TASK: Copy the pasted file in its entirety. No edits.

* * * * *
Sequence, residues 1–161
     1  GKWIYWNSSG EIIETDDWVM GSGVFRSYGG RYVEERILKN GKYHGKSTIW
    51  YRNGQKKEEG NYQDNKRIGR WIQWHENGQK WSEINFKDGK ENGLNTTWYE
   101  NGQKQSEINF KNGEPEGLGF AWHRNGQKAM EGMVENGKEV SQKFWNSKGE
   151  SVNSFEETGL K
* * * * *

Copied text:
Sequence, residues 1–161
     1  GKWIYWNSSG EIIETDDWVM GSGVFRSYGG RYVEERILKN GKYHGKSTIW
    51  YRNGQKKEEG NYQDNKRIGR WIQWHENGQK WSEINFKDGK ENGLNTTWYE
   101  NGQKQSEINF KNGEPEGLGF AWHRNGQKAM EGMVENGKEV SQKFWNSKGE
   151  SVNSFEETGL K